ROUGH CUTS| Do proactive inspection, assessment

THERE are two pedestrian overpass projects that seem to have been completed already. But as to whether these are formally turned over to and accepted by the government we are not certain. The reason is that even if the two projects look like totally built we have not seen any formal announcement that these are already open for public use. This despite the fact that the projects have long passed the time-table of completion.

We are actually referring to the pedestrian overpasses constructed in Mintal crossing the highway right in front of the public market and Mintal Elementary School, and the one in Calinan also fronting the public market.

Each of the pedestrian overpasses costs the government around P15 million and it has an elevator which we assume, is intended for pedestrians carrying heavy baggage, and the elderlies who may not anymore be strong enough to climb the steep stairs.

In the many instances that we happened to do some waiting in the vicinity of these overpasses while the wife was doing some marketing or buying some items in nearby stores, we have only seen a handful of people using the pedestrian overpasses. Many still brave the risk of being caught by traffic enforcers or  hit by moving vehicles while crossing the prohibited area of the highway.

We can understand because most marketgoers come out of the market with heavy items they bought. And they’d rather choose crossing the more dangerous highway than going up the overpass.

This situation somehow leads us to raise the quenstion: “Has the elevator been installed? If it is already in place why is it not being used?”

We believe that the Department of Public Works and Highways (DPWH, if it is a national government projects), or the City Engineer’s Office (if the projects are implemented by the city government of Davao) is long overdue in informing the public of the status of the projects herein-mentioned. The people are the source of the money that is used to fund the projects. It is the moral obligation of either of the two agencies to apprise the Davaoenos the real status of the two pedestrian overpasses.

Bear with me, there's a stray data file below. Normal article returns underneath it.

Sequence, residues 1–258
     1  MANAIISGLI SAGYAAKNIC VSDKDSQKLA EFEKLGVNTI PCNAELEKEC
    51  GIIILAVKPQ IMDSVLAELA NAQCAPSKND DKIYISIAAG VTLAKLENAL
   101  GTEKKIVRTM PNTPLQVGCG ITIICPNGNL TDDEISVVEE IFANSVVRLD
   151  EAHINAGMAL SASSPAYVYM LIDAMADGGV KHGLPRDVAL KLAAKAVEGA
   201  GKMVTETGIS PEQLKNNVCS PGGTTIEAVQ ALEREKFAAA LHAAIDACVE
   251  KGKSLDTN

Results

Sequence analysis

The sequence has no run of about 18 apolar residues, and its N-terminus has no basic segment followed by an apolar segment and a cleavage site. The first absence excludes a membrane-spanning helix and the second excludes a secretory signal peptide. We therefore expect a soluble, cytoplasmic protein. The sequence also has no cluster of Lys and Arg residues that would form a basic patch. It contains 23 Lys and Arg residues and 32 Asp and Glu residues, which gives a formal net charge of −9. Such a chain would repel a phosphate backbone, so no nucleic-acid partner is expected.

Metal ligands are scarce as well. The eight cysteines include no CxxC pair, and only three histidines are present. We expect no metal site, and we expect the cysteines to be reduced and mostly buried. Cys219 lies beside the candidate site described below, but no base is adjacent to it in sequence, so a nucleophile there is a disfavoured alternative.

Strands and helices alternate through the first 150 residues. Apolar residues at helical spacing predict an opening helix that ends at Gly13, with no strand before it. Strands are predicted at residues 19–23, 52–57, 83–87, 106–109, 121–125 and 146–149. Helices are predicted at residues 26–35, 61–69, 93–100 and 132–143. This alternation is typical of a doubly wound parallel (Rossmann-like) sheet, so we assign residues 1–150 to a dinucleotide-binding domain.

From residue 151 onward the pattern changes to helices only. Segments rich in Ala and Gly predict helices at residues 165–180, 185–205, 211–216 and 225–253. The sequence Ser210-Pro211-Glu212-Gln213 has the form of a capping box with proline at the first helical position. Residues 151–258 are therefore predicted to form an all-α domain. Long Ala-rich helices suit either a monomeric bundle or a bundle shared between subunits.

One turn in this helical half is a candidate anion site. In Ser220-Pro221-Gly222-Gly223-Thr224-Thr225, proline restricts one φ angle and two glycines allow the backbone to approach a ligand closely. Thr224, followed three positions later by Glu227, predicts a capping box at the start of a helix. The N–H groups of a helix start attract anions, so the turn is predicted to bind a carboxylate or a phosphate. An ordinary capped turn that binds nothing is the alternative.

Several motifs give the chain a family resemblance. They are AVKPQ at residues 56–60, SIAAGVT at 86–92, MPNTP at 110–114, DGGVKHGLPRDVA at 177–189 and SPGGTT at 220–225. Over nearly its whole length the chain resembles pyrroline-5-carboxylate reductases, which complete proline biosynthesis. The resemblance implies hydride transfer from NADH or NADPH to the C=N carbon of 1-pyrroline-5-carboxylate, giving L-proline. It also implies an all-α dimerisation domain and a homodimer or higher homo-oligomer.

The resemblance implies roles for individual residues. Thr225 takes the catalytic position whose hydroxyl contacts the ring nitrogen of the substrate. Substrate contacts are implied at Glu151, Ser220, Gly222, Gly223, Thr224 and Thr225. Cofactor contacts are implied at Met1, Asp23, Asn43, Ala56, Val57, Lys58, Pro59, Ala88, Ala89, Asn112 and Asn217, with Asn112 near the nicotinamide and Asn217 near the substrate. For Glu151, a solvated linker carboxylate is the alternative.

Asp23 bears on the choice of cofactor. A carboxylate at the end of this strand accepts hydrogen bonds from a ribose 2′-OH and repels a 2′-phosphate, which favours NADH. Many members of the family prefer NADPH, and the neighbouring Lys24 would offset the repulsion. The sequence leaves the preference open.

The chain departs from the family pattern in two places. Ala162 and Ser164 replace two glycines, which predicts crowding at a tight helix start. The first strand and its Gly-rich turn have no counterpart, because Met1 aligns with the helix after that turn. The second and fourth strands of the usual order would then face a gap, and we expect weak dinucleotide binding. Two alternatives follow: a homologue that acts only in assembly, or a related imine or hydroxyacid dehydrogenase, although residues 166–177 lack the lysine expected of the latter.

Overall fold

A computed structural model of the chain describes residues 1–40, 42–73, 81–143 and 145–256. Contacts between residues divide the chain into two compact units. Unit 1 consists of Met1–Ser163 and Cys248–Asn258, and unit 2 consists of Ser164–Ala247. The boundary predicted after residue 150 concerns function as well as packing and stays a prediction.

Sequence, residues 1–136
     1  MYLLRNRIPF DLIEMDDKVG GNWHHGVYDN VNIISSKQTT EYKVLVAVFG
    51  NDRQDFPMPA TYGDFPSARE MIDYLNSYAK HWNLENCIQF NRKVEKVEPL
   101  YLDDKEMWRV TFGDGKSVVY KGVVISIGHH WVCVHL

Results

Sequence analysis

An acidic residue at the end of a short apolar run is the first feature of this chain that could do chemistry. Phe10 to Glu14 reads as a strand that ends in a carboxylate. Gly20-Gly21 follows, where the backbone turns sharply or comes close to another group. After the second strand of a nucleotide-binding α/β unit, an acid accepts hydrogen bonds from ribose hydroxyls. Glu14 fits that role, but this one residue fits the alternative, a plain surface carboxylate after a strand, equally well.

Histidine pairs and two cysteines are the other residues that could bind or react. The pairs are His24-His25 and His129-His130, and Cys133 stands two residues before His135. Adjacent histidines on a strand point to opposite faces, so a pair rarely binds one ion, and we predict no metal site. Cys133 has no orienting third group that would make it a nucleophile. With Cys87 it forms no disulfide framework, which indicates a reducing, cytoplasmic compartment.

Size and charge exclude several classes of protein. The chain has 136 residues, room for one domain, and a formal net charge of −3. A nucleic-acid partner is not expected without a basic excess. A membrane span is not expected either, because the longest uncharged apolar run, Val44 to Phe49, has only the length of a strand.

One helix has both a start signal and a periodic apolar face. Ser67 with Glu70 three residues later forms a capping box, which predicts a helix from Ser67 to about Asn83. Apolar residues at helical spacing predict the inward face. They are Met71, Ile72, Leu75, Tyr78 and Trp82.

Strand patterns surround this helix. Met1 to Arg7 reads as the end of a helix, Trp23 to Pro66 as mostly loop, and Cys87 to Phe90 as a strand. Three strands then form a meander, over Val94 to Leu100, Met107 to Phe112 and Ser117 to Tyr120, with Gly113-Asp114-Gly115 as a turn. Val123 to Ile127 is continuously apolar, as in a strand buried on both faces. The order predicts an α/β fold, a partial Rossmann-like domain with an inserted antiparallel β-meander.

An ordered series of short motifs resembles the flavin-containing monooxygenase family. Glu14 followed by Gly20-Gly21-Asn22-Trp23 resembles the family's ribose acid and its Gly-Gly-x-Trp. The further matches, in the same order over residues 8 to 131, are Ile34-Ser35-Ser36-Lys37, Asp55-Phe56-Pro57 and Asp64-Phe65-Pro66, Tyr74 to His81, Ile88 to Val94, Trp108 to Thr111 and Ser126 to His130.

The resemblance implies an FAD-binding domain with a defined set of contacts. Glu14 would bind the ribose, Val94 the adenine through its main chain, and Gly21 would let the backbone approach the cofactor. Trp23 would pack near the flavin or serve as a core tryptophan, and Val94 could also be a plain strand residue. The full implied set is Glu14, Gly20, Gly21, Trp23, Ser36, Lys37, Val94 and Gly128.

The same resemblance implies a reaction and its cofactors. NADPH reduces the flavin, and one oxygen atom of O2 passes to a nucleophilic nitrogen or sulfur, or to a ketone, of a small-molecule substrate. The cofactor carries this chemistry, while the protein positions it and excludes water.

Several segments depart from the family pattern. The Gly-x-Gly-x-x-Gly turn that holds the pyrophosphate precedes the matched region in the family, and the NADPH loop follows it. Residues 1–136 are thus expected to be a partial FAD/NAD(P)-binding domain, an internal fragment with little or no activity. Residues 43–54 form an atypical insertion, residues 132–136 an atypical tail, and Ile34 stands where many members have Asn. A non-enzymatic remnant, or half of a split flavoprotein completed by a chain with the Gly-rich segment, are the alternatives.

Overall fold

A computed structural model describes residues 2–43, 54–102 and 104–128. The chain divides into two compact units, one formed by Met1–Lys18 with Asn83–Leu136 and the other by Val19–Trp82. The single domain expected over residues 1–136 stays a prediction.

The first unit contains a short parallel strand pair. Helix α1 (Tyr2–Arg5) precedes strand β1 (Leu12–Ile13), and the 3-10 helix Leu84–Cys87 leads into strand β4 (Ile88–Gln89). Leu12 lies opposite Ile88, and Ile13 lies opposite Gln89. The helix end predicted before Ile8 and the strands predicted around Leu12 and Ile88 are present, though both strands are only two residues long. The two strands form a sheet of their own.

And we are expecting the agencies’ action the soonest possible time. Unless the officials of the agencies concerned are hiding something anent the projects or are callous enough to ignore the people’s demand.


A little less than five years since the 7.2 magnitude earthquake leveled the province of Bohol and rocked other nearby provinces, a 6.7 temblor shaked the province of Surigao del Norte with the worst destruction in Surigao City at around 10 in the evening of last Friday, February 9, 2017.

Eight people were reported dead by the province’s disaster and risk reduction management office with some 200 people injured. Thousands of families evacuated to what they thought are safer grounds even as government infrastructures, school buildings, private houses and medical facilities are declared off-limits pending final assessment by authorities as to their safety for re-occupation.

Power, water and even telecommunication services were affected and many areas in the province are still without power and potable water supply. The city’s airport has been ordered closed for at least a month because of the destruction of the runway and some portion of the terminal facility.

Meanwhile, the people tasked to inspect the affected buildings to determine whether these can still be used with some assurance of safety, are members of the Association of Structural Engineers of the Philippines (ASEP) mostly coming from Davao City.

This brings to mind the hard reality that until now sciences has not yet discovered a way of predicting when the next big earthquake will strike and where. And it is common knowledge that our own Davao City is located not far from the Philippine fault that is seen as a potential trigger for a major earthquake in any of the provinces or cities that happened to be located over or along its path.

We believe therefore that with the Bohol and Surigao del Norte disastrous incidents our Davao City officials must take some lessons from those calamitous phenomena. It is time for the local government to initiate some proactive moves to ensure that should the “big one” strike Davao (God forbids) we would not be as helpless as the people of the two province disaster sites.

We are therefore very strongly recommending that the city, thorugh the City Engineer’s Office (CEO) and the City Disaster and Risk Reduction Management Office (CDRRMO),   with support from well-meaning members of the ASEP in Davao initiate inspection and assessment of old and new buildings.  The inspection team must suggest to local regulators measures to raise to the standard needed folr buildings to withstand earthquakes  when any is found wanting.

For is it not ironic that our structural engineers are being called upon to help assess the safetiness of the structures in Surigao City after it was hit by a strong quake while no such inspection and asssessment is being done in Davao City while it is still spared by the “big one?”

Or, should our local officials continue the habit of making the sign of the cross during or immediately after a lightning strikes? Tell the people please.

Posted in Opinion